Ask LH: How Can I Reset The Crazy Recommendations Websites Give Me?

Dear Lifehacker, I've been browsing Google News for a long time now, but my recommendations seem to have strayed over time to things that I'm not really interested in (not to mention a few things I don't want others to see when Google News pops up on my screen). The same thing is also happening with sites like Amazon. Is there any way to "reset" my recommendations for a site and start from scratch? Sincerely, Ridiculous Recommendations

Dear Ridiculous,

We've all been there before. Whether Yahoo has decided you like stories about child murder or you just read one too many stories about a naked man who bit off someone's face, sometimes your recommendations just get a little out of hand. There's no universal "reset" button for the internet, and while you could always create a new account for all of those sites, that isn't exactly an ideal solution. We've found that though every site is different, there are three broad categories of sites in terms of how they handle recommendations. Here's how they work.

Type One: Sites That Let You Clear Recommendations And History

Some sites have a lot of options for this, particularly Google and its related sites (like Google News). All you need to do is head to and click "Remove All Web History" to delete the sites you've currently searched for and visited from Google (you can delete specific items if you want as well). This will also pause your web history, thus preventing you from getting those personalised recommendations in the future, which some of you may prefer. You can always turn it back on to start with a clean slate, though. To find out more, check out Google's help article on the topic, and check the help sections of your other favourite sites to see if they provide anything like this.

Type Two: Sites That Let You Manually "Improve" Your Recommendations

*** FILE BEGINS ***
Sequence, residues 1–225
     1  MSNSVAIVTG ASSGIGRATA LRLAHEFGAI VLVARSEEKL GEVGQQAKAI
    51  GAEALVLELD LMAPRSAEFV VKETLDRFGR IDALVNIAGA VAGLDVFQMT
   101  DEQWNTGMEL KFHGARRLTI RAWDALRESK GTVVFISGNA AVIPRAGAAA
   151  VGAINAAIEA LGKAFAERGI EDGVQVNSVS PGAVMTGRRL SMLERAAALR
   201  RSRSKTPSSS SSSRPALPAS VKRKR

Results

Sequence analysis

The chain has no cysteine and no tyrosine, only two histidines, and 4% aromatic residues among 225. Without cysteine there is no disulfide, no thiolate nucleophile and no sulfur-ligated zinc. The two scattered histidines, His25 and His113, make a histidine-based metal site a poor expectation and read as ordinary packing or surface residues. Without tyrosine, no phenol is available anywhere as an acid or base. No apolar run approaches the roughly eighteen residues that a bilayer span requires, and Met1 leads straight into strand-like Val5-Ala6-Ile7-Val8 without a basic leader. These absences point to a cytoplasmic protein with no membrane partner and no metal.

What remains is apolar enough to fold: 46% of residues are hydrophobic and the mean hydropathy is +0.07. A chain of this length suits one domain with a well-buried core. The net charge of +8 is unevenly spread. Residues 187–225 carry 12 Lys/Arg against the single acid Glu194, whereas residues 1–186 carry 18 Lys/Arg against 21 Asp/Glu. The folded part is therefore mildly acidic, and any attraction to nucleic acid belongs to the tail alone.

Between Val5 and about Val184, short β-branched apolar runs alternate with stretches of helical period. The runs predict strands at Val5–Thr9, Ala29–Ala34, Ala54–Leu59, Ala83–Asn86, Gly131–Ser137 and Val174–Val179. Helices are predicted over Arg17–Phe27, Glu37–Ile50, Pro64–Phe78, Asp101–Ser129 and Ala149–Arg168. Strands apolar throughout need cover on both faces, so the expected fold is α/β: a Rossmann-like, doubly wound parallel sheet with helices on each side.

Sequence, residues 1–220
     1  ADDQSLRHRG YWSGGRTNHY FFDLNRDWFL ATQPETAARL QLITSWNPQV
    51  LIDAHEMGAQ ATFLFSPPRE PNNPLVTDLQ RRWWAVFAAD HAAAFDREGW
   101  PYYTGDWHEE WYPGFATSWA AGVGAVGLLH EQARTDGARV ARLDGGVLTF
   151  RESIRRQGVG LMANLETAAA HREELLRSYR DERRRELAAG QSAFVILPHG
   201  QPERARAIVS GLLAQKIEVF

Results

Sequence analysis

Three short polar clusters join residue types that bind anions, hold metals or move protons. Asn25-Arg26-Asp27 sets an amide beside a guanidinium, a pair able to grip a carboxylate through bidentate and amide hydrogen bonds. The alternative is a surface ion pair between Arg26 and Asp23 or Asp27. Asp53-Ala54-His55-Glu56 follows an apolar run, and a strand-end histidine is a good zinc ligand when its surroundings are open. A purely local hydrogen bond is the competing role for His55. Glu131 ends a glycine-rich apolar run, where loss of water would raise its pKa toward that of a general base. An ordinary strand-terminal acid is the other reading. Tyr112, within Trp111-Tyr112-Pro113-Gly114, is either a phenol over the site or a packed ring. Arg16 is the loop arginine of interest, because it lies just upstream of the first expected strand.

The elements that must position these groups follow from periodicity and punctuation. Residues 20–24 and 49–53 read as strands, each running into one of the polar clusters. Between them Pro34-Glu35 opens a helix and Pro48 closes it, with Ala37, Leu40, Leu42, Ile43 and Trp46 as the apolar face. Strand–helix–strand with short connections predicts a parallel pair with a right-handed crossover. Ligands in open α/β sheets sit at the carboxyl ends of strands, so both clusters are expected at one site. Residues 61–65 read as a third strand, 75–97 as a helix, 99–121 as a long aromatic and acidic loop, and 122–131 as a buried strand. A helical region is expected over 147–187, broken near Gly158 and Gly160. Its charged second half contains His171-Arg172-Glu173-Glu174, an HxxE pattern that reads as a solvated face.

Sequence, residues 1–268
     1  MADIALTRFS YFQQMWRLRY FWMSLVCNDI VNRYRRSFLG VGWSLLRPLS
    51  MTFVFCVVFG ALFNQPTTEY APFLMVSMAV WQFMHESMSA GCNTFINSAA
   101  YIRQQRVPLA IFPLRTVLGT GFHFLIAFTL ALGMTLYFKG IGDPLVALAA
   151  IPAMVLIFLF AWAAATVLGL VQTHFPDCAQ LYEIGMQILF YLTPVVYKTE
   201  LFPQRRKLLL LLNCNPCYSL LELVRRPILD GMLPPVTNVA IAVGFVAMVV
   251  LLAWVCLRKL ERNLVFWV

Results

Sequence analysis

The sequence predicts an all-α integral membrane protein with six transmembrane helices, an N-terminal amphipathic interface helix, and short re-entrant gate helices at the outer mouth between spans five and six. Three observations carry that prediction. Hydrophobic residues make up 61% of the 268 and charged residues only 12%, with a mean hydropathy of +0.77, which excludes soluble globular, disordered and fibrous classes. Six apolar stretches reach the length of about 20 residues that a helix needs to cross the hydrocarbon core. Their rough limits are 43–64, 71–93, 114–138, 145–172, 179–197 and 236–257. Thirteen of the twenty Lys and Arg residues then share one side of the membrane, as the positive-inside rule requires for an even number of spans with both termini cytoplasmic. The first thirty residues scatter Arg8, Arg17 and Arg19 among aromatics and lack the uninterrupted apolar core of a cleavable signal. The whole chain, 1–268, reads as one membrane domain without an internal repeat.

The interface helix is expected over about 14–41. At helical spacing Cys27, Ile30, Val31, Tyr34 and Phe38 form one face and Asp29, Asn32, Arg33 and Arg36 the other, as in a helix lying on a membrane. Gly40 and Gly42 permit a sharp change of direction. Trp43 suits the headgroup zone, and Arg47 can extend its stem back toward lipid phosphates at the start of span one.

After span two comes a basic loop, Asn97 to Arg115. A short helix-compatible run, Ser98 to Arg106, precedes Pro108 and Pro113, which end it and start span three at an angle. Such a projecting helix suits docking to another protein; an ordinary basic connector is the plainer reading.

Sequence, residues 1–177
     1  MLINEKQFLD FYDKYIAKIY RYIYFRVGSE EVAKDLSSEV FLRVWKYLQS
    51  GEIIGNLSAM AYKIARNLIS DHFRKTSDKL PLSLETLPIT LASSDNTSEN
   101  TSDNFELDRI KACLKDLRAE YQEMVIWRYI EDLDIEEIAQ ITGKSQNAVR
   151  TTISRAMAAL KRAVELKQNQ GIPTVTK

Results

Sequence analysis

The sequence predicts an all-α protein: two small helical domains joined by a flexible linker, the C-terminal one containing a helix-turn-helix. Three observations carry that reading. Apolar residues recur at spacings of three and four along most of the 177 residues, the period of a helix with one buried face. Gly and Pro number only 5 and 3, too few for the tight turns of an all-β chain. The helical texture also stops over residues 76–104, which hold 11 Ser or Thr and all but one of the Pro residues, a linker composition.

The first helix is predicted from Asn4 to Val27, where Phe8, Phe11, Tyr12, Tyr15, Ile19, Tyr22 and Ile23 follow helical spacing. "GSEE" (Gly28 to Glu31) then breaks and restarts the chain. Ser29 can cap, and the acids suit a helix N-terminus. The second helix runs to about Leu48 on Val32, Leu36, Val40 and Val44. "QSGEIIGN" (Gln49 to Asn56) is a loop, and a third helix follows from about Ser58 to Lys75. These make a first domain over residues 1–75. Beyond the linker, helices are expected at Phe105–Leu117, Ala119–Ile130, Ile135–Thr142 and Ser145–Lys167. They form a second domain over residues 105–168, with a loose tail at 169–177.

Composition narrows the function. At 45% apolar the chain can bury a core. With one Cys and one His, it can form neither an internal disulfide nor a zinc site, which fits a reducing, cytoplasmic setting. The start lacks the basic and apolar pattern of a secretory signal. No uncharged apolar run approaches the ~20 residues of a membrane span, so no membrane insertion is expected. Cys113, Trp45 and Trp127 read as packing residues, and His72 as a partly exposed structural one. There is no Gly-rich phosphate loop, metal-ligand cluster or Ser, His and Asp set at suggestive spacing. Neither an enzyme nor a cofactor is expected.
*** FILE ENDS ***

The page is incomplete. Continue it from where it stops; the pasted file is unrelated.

Some sites, like Amazon, are a little more complicated. Amazon will let you clear your viewing history, but it will still offer recommendations for you based on what you bought. On Amazon's Improve Your Recommendations page, you can mark certain purchased items as a gift or just tell it to not use that item for recommendations. You can also rate items, which should help improve the quality of your recommendations.

Again, every site is different, but if a site doesn't have a straightforward way of resetting everything, you can often use a rating system to manually improve your recommendations to fit your actual tastes and not just what you've browsed for.

Type Three: Sites That Don't Have Any Options Built-In

Sadly, there is a third type of site that just plain leaves you out in the cold. The New York Times' web site is a great example — if you want to change your recommended articles, you merely have to "read more or fewer articles on a particular topic, or by spending more or less time in a particular section of". Unfortunately, the best you can do for these sites is click on more rainbows and ponies to keep it from recommending child murder articles, or create a new account entirely to start from scratch.

Don't Forget To Use Private Browsing

Private browsing isn't just for porn. It can be really useful for things like this, when you know you're going to read an article or view an item that will muck up your recommendations. Maybe you're buying a gift for a friend on Amazon and don't want all that browsing logged as items you're interested in, or maybe you have to do research for a project that doesn't reflect the kinds of articles you like to read. Whatever your reason, it's easy to just open up Private Browsing when these situations come about and do your research in that window so the results aren't logged. This is a great way to prune your recommendations into something far more useful to you, so don't neglect it!

Cheers Lifehacker

PS Got any of your own tricks or solutions to getting better recommendations on the web? Let us know in the comments.

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    This is meant as tongue in cheek but LH talking about Crazy Recommendations..! Pfhhh ha ha ha

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